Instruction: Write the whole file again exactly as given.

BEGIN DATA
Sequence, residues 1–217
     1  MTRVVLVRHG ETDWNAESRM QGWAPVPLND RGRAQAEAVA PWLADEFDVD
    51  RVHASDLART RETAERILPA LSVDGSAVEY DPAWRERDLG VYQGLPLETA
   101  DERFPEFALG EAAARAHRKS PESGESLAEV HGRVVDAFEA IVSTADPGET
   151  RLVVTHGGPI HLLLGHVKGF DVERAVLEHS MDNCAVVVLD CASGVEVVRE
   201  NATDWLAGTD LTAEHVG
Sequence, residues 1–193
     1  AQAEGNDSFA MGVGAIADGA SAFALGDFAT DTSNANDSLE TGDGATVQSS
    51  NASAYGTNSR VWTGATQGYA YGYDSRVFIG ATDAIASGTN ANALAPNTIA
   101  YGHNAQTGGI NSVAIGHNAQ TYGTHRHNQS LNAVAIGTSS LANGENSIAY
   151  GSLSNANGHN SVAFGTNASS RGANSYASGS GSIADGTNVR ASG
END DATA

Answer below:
Sequence, residues 1–217
     1  MTRVVLVRHG ETDWNAESRM QGWAPVPLND RGRAQAEAVA PWLADEFDVD
    51  RVHASDLART RETAERILPA LSVDGSAVEY DPAWRERDLG VYQGLPLETA
   101  DERFPEFALG EAAARAHRKS PESGESLAEV HGRVVDAFEA IVSTADPGET
   151  RLVVTHGGPI HLLLGHVKGF DVERAVLEHS MDNCAVVVLD CASGVEVVRE
   201  NATDWLAGTD LTAEHVG
Sequence, residues 1–193
     1  AQAEGNDSFA MGVGAIADGA SAFALGDFAT DTSNANDSLE TGDGATVQSS
    51  NASAYGTNSR VWTGATQGYA YGYDSRVFIG ATDAIASGTN ANALAPNTIA
   101  YGHNAQTGGI NSVAIGHNAQ TYGTHRHNQS LNAVAIGTSS LANGENSIAY
   151  GSLSNANGHN SVAFGTNASS RGANSYASGS GSIADGTNVR ASG